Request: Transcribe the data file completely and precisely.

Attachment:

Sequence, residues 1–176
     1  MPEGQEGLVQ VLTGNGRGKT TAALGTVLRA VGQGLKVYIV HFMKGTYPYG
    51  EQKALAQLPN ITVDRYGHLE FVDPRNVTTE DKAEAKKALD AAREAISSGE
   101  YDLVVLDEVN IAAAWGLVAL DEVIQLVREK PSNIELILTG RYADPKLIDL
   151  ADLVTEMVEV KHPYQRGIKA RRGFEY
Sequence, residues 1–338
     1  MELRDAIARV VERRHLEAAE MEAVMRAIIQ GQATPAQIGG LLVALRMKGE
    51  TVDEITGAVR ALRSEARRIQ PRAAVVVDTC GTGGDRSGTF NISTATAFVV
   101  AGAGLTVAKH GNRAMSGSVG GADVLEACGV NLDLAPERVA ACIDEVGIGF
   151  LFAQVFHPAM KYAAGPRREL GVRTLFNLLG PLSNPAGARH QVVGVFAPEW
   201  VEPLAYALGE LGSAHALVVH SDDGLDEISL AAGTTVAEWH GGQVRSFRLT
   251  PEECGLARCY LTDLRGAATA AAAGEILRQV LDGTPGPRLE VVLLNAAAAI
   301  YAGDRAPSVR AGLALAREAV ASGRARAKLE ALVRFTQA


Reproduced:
Sequence, residues 1–176
     1  MPEGQEGLVQ VLTGNGRGKT TAALGTVLRA VGQGLKVYIV HFMKGTYPYG
    51  EQKALAQLPN ITVDRYGHLE FVDPRNVTTE DKAEAKKALD AAREAISSGE
   101  YDLVVLDEVN IAAAWGLVAL DEVIQLVREK PSNIELILTG RYADPKLIDL
   151  ADLVTEMVEV KHPYQRGIKA RRGFEY
Sequence, residues 1–338
     1  MELRDAIARV VERRHLEAAE MEAVMRAIIQ GQATPAQIGG LLVALRMKGE
    51  TVDEITGAVR ALRSEARRIQ PRAAVVVDTC GTGGDRSGTF NISTATAFVV
   101  AGAGLTVAKH GNRAMSGSVG GADVLEACGV NLDLAPERVA ACIDEVGIGF
   151  LFAQVFHPAM KYAAGPRREL GVRTLFNLLG PLSNPAGARH QVVGVFAPEW
   201  VEPLAYALGE LGSAHALVVH SDDGLDEISL AAGTTVAEWH GGQVRSFRLT
   251  PEECGLARCY LTDLRGAATA AAAGEILRQV LDGTPGPRLE VVLLNAAAAI
   301  YAGDRAPSVR AGLALAREAV ASGRARAKLE ALVRFTQA